BBQ Nation - Metro Detroit, Michigan

THE DAMNED: 40TH ANNIVERSARY SHOW:
PUNK ROCK IS STILL GOING STRONG

DETROIT, MI – It’s hard to believe that the Damned is still around and still attracting a younger audience. Even lead singer, Dave Vanian, can’t believe it. There are an abundant amount of interviews on Youtube where all band members are being interviewed about the Punk Rock phenomenon and how it has continued from 1976 to present. The best way to really experience it is to go to one of the shows and see what it’s all about for yourself.

I look back on the manic ride and realized that I had been there at the 10th anniversary show in New York City at the Ritz back in 1989. That was in a seedy club called, The Ritz, which was at the bottom of some hotel otherwise known as Webster Hall. The address was 119 East 11th Street and going to that show was somewhat of a blur of a memory. The crowd was chaotic and Punk was still dangerous and you could feel an ugly vibe in the audience. We stood in line to get into the show and kids were dressed up like vampires and some were obviously on serious drugs. One girl in particular was dressed up like a Goth vampire and had passed out face down on the sidewalk. Her boyfriend was in a Victorian black cape with fake wax vampire teeth and was trying to kick her awake while screaming, “Wake up you stupid bitch !!” My buddy next to me said, “Don’t look at those people, just try to ignore them”. But how could I not?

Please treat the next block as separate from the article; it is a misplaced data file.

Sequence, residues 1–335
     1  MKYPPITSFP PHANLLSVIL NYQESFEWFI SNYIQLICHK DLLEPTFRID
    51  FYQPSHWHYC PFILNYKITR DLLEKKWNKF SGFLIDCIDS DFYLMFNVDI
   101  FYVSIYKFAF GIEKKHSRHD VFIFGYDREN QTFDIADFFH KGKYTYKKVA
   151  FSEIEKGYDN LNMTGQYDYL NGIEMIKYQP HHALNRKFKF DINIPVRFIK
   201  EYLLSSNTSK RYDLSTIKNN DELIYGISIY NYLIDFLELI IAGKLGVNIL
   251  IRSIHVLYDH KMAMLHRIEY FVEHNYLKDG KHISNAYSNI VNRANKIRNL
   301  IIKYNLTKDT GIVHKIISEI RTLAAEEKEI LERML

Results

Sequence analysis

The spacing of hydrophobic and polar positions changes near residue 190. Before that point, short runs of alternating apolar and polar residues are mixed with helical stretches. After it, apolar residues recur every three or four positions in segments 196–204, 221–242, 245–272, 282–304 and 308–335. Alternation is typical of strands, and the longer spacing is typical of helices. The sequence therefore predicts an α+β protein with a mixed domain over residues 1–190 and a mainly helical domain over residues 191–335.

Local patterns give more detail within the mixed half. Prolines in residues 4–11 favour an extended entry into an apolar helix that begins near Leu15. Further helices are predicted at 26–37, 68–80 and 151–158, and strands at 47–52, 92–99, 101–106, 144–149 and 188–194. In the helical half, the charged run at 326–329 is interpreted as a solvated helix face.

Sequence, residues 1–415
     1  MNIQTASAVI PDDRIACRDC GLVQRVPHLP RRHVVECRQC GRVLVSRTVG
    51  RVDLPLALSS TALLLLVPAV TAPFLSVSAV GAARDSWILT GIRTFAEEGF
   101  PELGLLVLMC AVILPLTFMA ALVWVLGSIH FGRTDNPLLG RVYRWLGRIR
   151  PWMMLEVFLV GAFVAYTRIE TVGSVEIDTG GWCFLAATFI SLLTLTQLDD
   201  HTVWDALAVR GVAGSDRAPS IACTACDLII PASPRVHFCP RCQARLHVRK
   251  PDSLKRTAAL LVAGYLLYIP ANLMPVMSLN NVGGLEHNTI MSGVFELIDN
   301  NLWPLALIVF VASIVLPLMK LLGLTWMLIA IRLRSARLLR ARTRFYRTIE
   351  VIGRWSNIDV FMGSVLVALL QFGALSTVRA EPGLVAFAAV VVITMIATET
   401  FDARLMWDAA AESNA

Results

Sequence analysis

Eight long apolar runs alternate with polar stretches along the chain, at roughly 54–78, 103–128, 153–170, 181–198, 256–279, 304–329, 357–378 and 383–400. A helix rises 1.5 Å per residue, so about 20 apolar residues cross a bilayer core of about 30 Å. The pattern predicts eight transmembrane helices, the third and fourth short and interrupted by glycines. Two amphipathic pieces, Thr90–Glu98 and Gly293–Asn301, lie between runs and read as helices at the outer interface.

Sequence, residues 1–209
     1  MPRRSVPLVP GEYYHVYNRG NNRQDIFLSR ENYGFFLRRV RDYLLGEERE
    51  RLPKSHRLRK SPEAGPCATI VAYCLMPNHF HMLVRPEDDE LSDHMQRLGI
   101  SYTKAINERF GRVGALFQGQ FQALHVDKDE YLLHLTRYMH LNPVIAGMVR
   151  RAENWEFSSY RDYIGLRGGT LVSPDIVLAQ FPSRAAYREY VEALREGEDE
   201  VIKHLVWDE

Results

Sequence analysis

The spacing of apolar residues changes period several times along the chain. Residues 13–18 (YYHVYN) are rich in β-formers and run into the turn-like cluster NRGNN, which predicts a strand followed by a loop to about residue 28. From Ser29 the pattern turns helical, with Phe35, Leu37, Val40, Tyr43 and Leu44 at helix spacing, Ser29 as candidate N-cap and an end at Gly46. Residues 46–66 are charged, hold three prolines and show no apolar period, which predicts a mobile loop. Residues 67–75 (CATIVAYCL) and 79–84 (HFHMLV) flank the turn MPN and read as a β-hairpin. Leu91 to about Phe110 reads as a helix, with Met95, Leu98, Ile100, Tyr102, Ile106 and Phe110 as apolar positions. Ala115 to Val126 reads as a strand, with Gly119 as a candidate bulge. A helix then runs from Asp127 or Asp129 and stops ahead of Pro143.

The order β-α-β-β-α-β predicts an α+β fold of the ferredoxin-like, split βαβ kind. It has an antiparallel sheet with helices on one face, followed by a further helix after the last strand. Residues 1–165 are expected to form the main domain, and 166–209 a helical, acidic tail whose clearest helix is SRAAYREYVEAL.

That location was rumored to be the last hangout of Sid Vicious right before he killed himself, (depending on who you believe). The Ex Sex Pistol bassist used to haunt these grounds in the wake of the first onslaught of Punk. I remember that show at the Ritz as being very serious and the grim faces in the audience. I suspect many of those aging glum faces were the original New York Punks. There was no joy in that crowd but it was very memorable. One of them flung a flying cigarette butt into the eye socket of the lead singer of Das Psycho Rangers who were off doing some hokey Motley Crue rip off tune, “Who Says You Can’t Dance To Rock And Roll”. Sparks flew out of his eye and he grabbed the microphone and cussed out the whole venue with obscenities. It was crude entertainment but it was amusing. This was the 80’s. You could get away with stuff like that and nobody was ejected. The crowd was yelling back at the supporting act and you felt like you could get killed at any moment.

That 10th anniversary show was also notable for a band doing a whole album in one setting. This was done as a tribute to the fans. So the Damned opened and played, “Damned Damned Damned” in its entirety. Other bands have copied this style of promotion when they tour for special events. But this was the first time I had ever seen it done. I remember the Damned came out at Midnight and that Dave Vanian was dressed up like a vampire. I think I read somewhere that they were notorious for coming out at Midnight and it was part of their schtick. It was campy but I loved the idea. The rest of the show was a bunch of Damned classics and singles and ended with The Beatles, “Day Tripper”. Lead guitarist Captain Sensible came out on stage completely naked and played that one for the crowd and again, there was no political correctness to be had back then so of course they got away with it.